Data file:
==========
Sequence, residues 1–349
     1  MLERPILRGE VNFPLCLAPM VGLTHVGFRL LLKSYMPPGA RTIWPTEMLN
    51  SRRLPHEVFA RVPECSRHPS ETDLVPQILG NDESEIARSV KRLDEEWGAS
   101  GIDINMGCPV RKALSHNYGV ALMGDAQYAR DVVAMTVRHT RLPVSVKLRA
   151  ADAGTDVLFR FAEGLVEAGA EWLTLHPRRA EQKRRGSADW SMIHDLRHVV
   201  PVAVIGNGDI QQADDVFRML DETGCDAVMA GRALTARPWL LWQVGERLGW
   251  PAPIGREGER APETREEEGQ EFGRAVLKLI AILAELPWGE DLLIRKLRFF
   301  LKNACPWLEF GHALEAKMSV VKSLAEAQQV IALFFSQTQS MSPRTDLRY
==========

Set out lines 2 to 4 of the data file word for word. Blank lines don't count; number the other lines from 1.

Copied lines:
     1  MLERPILRGE VNFPLCLAPM VGLTHVGFRL LLKSYMPPGA RTIWPTEMLN
    51  SRRLPHEVFA RVPECSRHPS ETDLVPQILG NDESEIARSV KRLDEEWGAS
   101  GIDINMGCPV RKALSHNYGV ALMGDAQYAR DVVAMTVRHT RLPVSVKLRA